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High-risk Disease, Novel Treatments, Health Care Equity Highlighted at SABCS


The annual San Antonio Breast Cancer Symposium (SABCS) will once again take place in a hybrid fashion, with in-person attendees returning to the Henry B. Gonzales Convention Center to hear the latest clinical and basic research, as well as see several of their peers receive awards for their contributions to the space.

It will be a packed 4 days at the 2022 San Antonio Breast Cancer Symposium (SABCS), which will once again take place in a hybrid fashion, with attendees tuning in from their remote location of choice or checking out the myriad in-person sessions at the Henry B. Gonzales Convention Center by San Antonio’s famous River Walk.

There will be poster and spotlight sessions, along with daily clinical research workshops, basic science workshops, education sessions, discussion forums, and plenary lectures and mini-symposia from experts in clinical and basic research.

Day 1, Tuesday, December 6, kicks off with several spotlight poster discussions covering such areas as accelerating drug development in the postneoadjuvant setting, statistical consideration for precision medicine, and living with metastatic disease—itself covering such topics as financial toxicity and palliative care. Important areas addressed in the conferences first educational session block will address metastatic disease and novel therapeutic agents. The day will be rounded out by presentations that focus on health equity, treatment disparities, and updated date from several trials, among them RxPONDER, TAILORx, and SOFT.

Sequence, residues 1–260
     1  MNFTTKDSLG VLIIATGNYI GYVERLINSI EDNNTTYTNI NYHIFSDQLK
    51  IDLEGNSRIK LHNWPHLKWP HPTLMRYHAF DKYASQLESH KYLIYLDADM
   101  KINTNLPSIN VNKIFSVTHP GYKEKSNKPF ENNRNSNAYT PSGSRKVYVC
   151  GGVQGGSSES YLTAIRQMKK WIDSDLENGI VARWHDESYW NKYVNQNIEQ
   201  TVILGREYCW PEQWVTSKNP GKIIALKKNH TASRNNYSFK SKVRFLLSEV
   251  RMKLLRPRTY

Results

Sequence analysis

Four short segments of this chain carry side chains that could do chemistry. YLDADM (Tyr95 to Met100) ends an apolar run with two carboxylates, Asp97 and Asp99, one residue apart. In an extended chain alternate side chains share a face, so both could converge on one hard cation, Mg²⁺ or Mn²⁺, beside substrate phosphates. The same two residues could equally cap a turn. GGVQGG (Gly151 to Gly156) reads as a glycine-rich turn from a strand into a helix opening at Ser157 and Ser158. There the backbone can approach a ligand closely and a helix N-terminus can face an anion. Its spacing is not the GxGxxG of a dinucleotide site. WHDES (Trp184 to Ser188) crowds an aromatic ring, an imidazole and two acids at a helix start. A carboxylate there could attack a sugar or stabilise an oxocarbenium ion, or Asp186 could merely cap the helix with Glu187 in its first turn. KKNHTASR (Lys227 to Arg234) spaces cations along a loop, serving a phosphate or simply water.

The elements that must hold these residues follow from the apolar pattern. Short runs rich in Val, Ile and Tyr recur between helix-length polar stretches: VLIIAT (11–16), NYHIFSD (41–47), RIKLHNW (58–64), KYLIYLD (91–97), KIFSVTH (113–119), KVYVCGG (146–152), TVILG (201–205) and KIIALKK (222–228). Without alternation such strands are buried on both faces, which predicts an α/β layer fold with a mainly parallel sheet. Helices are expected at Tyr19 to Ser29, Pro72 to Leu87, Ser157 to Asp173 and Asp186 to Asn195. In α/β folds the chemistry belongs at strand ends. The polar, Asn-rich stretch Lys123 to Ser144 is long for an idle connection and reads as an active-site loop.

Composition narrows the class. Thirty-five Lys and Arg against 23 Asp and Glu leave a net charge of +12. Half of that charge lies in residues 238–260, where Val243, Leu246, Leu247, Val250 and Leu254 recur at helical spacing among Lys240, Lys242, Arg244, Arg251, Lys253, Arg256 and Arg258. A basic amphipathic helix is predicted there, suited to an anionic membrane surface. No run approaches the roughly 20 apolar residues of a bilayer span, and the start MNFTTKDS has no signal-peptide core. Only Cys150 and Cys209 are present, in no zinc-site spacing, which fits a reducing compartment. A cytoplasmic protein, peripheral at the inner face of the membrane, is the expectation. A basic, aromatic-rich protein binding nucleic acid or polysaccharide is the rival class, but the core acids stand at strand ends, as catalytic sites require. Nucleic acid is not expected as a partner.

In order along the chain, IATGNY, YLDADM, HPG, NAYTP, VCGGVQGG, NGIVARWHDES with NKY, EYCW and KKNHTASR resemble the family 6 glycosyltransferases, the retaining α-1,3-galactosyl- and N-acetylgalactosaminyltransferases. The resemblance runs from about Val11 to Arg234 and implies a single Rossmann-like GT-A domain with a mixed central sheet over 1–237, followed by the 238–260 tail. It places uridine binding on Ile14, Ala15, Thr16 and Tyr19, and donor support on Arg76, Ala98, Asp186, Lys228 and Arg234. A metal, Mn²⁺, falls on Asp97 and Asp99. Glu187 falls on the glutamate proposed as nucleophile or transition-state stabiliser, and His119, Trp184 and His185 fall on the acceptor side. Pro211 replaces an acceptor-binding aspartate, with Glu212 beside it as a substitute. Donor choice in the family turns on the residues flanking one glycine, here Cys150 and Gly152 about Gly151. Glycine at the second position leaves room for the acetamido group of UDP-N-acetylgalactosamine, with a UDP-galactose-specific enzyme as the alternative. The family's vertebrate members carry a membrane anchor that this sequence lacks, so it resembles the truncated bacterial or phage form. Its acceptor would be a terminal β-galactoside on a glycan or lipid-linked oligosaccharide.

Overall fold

Wednesday, December 7, will kick off with the opening address from Virginia Kaklamani, MD, of UT Health San Antonio and Carlos Arteaga, MD, of UT Southwestern Medical Center, this year’s recipient of the Giants of Cancer Care award for breast cancer. The William L. McGuire Memorial Lecture will follow—McGuire cofounded SABCS in 1977 with Charles A. Coltman, MD—and be given by Baylor College of Medicine’s Jeffrey Rosen, PhD, who will discuss translational breast cancer research. DESTINY-Breast02 and DESTINY-Breast03 data are also being presented on day 2, as are such major topics as HER-2 disease and immunotherapy.

On Day 3, December 8, a highlight will be presentation of the Brinker Award for Scientific Distinction in Basic Science to Geoffrey M. Wahl, PhD, of the Salk Institute for Biological Studies, who will then present “Guardian at the Gates: Genome Stability, Cell State, Plasticity, and Breast Cancer.” Featured afternoon sessions comprise themed forums on translational controversies and CDK inhibitors, managing hereditary risk in breast cancer, and challenging breast cancer types, including metaplastic, inflammatory, and lobular/pleomorphic breast cancers.

The final full day of SABCS will be Friday, December 9. Discussions will address new insights on endocrine therapy, updates in human epidermal growth factor receptor 2–positive disease, and breast cancer prevention in premenopausal disease. Adetunji T. Toriola, PhD, MPH, of the Institute for Public Health at Washington University in St. Louis, will receive this year’s AACR Outstanding Investigator Award for Breast Cancer Research, and Norman Wolmark, MD, FACS, FRCSC, of UPMC Hillman Cancer Center/University of Pittsburgh and NRG Oncology, will receive the Brinker Award for Scientific Distinction in Clinical Research.

Attendees can expect to put into practice what they learned at this year’s conference, with pregnancy-related breast cancer issues, and patient outcomes from a plethora of treatment regimens, rounding out the day.

A morning session on Saturday, December 10, will bring SABCS to a close with a year-in-review discussion on basic and translational sciences and early and advanced breast cancers.

Additional topics being covered throughout the conference include metabolic dysregulation in breast cancer and its impact on treatments, including obesity-related studies; data on patient quality of life and novel antibody-drug conjugates; treatment sequencing; and novel endocrine treatments in the setting of metastatic hormone receptor–positive disease.

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